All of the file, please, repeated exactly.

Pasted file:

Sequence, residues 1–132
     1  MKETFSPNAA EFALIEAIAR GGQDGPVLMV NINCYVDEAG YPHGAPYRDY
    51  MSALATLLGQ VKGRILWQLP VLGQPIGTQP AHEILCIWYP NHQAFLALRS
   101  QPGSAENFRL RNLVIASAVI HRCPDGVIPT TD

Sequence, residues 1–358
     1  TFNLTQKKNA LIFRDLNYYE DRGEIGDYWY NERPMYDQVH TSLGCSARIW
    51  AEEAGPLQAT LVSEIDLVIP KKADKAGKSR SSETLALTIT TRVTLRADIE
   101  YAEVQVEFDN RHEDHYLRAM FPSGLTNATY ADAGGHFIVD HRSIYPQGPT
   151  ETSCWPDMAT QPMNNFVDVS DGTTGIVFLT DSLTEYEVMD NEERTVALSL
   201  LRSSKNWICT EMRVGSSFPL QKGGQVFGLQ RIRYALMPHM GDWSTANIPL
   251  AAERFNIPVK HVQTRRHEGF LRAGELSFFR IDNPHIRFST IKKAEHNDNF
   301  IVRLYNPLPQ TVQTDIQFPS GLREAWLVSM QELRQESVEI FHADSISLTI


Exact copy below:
Sequence, residues 1–132
     1  MKETFSPNAA EFALIEAIAR GGQDGPVLMV NINCYVDEAG YPHGAPYRDY
    51  MSALATLLGQ VKGRILWQLP VLGQPIGTQP AHEILCIWYP NHQAFLALRS
   101  QPGSAENFRL RNLVIASAVI HRCPDGVIPT TD

Sequence, residues 1–358
     1  TFNLTQKKNA LIFRDLNYYE DRGEIGDYWY NERPMYDQVH TSLGCSARIW
    51  AEEAGPLQAT LVSEIDLVIP KKADKAGKSR SSETLALTIT TRVTLRADIE
   101  YAEVQVEFDN RHEDHYLRAM FPSGLTNATY ADAGGHFIVD HRSIYPQGPT
   151  ETSCWPDMAT QPMNNFVDVS DGTTGIVFLT DSLTEYEVMD NEERTVALSL
   201  LRSSKNWICT EMRVGSSFPL QKGGQVFGLQ RIRYALMPHM GDWSTANIPL
   251  AAERFNIPVK HVQTRRHEGF LRAGELSFFR IDNPHIRFST IKKAEHNDNF
   301  IVRLYNPLPQ TVQTDIQFPS GLREAWLVSM QELRQESVEI FHADSISLTI